Step Accumulation per Minute Epoch Is Not the Same as Cadence for Free-Living Adults

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Abstract

Purpose

The term cadence has been used interchangeably to describe both the rate of stepping and the number of steps in a minute epoch. This is only strictly true if walking is continuous within that epoch. This study directly compared these two outcomes in minute epochs of data from free-living adults to assess the scale of any difference between them.

Methods

A convenience sample of healthy adults wore an activPAL activity monitor for 7 d. The event record output of the activPAL, providing the start time and duration of each stride to the nearest 0.1 s, was used to calculate step accumulation (number of steps), duration of walking, and cadence (number of steps/duration of walking) for each minute of measurement.

Results

Data from 117 individuals (78 females; mean age, 46 ± 16 yr; mean body mass index, 24.9 ± 3.7 kg·m−2) were analyzed. Twenty-one percent of minutes (n = 310d−1) contained walking. The distribution (most minutes fewer than 40 steps per minute) and mean (34 ± 9 steps per minute) of step accumulation were very different from that of cadence (most minutes between 60 and 100 steps per minute; mean, 76 ± 6 steps per minute). Only 12% of minutes with stepping were walked continuously, whereas 69% of minutes with stepping contained less than 30 s of walking. This is key to the difference between step accumulation and cadence, and means that cadence cannot be reconstructed from step accumulation without also knowing the duration that was walked.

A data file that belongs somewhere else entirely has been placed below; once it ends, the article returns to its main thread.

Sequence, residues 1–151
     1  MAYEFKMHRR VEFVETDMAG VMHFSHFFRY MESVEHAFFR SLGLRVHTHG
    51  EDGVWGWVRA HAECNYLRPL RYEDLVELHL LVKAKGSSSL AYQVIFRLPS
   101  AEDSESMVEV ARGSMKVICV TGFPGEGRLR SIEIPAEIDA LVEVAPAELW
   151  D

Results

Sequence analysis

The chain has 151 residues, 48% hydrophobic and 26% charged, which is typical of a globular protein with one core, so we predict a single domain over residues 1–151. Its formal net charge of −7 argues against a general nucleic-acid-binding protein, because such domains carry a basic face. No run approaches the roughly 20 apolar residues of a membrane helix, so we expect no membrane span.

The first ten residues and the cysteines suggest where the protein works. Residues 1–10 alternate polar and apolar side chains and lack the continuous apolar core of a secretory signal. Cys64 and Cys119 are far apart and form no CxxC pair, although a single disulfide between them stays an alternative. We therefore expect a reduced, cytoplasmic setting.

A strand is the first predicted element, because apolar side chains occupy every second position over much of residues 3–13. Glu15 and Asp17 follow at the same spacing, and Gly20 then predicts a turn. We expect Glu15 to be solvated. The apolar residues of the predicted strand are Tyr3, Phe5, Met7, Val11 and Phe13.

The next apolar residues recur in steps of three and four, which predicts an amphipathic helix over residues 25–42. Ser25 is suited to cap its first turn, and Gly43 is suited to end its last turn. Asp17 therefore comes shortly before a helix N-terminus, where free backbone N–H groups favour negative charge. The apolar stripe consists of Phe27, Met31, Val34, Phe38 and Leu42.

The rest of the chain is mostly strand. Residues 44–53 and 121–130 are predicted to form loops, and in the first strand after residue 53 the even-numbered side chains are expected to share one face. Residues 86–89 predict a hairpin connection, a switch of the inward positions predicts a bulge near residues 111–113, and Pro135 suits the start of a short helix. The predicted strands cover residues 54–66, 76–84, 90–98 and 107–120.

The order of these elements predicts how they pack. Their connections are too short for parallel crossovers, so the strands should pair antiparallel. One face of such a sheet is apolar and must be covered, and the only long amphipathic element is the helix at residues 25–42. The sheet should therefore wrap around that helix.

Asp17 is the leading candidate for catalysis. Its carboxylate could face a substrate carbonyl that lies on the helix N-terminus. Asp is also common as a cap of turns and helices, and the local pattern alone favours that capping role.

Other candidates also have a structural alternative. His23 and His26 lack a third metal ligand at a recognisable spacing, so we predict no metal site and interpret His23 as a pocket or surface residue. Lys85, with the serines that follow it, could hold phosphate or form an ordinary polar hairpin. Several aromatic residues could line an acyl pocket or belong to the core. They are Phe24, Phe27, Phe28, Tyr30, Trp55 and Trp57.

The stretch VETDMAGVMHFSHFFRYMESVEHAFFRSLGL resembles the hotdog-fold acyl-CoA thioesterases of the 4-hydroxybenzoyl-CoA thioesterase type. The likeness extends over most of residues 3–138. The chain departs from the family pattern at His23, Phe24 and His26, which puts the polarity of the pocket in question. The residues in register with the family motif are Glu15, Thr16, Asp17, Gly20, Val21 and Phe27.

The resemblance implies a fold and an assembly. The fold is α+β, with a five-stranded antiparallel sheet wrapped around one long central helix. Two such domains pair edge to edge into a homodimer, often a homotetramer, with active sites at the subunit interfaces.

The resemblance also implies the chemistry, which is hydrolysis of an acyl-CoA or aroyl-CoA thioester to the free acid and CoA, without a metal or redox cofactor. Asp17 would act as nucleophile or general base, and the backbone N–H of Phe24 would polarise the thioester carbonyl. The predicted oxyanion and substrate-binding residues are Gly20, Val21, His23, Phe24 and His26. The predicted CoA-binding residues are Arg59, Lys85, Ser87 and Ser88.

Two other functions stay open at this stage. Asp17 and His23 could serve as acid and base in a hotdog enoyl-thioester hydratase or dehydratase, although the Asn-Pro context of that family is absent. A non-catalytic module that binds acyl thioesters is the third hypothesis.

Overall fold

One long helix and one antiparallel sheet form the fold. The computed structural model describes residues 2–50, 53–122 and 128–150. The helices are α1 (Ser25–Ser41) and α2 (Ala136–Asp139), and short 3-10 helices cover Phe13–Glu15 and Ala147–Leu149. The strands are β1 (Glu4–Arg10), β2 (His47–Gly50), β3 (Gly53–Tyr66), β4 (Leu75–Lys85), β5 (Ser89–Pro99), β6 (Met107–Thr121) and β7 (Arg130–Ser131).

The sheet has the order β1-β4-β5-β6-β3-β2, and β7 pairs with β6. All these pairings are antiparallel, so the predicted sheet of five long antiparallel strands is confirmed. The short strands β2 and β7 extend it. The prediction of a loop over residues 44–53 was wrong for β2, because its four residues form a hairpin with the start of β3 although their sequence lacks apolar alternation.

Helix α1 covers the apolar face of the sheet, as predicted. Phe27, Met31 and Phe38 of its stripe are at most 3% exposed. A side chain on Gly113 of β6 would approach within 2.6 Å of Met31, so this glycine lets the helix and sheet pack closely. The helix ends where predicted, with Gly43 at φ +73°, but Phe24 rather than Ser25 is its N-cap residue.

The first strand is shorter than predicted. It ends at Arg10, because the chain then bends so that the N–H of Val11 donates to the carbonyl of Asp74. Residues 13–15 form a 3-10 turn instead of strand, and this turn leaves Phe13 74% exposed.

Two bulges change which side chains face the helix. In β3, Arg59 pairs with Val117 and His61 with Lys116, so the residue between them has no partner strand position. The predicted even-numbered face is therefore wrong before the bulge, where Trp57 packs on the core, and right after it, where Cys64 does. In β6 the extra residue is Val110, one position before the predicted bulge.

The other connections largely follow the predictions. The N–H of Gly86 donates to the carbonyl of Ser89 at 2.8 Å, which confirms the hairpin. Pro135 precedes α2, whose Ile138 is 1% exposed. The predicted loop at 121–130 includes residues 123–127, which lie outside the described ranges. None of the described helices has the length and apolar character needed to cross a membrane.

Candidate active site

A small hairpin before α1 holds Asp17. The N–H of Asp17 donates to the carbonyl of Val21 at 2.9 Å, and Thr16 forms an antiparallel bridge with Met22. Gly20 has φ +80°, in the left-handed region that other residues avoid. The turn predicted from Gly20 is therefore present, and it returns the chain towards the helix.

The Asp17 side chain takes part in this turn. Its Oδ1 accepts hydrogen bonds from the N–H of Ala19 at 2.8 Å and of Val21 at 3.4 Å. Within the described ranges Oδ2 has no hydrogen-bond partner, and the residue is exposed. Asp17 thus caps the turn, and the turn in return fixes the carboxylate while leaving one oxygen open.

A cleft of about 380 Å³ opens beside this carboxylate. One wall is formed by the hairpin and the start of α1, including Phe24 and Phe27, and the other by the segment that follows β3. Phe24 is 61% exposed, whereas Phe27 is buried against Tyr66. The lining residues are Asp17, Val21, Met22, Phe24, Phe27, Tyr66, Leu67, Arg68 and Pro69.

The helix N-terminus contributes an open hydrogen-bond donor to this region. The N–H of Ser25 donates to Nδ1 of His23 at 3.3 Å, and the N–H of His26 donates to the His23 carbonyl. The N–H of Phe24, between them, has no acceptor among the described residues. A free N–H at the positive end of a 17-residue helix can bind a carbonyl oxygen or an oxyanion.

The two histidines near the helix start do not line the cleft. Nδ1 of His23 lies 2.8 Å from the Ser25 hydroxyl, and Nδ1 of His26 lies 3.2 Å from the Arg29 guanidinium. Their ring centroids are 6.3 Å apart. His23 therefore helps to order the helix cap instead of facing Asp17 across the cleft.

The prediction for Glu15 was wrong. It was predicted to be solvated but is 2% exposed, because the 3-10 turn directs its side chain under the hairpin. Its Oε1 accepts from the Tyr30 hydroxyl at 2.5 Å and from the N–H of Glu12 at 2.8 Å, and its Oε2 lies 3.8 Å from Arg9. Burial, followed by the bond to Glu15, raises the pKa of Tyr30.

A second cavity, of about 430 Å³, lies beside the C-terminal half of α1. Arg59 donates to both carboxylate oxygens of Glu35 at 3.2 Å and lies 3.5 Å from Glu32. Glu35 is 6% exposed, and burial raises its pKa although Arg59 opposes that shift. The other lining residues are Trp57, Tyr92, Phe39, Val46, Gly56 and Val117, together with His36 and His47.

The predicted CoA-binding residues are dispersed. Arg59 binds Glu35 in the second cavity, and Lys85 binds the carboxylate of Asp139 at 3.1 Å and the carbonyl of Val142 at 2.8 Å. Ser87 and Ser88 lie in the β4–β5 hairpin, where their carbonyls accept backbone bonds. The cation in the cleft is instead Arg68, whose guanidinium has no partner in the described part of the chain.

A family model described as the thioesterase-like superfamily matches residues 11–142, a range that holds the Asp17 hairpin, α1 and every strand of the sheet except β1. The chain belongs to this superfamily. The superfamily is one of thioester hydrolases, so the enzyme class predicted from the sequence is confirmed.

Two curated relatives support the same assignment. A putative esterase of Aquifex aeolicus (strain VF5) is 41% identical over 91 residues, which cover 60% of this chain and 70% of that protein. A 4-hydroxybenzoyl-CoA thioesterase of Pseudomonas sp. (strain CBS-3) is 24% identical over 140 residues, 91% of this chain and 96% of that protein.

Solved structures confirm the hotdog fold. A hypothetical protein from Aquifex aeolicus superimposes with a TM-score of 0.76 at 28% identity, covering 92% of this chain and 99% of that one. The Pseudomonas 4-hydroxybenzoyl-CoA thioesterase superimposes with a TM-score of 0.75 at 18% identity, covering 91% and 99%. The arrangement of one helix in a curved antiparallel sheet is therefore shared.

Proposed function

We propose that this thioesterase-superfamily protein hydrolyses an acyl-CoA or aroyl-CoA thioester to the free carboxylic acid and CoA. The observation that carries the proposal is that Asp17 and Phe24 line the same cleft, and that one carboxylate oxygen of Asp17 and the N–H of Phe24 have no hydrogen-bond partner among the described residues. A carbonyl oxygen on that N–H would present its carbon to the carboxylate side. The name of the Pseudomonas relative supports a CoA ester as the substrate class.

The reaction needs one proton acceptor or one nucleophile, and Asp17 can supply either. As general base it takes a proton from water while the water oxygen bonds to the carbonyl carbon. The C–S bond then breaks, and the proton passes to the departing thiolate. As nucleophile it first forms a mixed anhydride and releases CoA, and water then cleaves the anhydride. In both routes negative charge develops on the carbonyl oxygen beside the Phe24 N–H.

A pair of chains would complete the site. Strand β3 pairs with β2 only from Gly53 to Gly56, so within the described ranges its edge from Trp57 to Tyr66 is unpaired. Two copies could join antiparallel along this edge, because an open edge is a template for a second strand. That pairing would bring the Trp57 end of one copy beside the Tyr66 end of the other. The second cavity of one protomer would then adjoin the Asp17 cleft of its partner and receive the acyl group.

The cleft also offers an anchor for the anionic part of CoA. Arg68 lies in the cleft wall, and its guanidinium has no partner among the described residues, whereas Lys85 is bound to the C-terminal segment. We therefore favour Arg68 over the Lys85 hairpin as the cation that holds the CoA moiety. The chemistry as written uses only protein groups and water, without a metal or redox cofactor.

Conclusion

Step accumulation, the number of steps in a fixed period, and cadence, the rate of stepping while walking, are not interchangeable outcome measures. It is vitally important that unambiguous terminology is used to describe the rate of stepping so that the outcomes of studies can be correctly interpreted.

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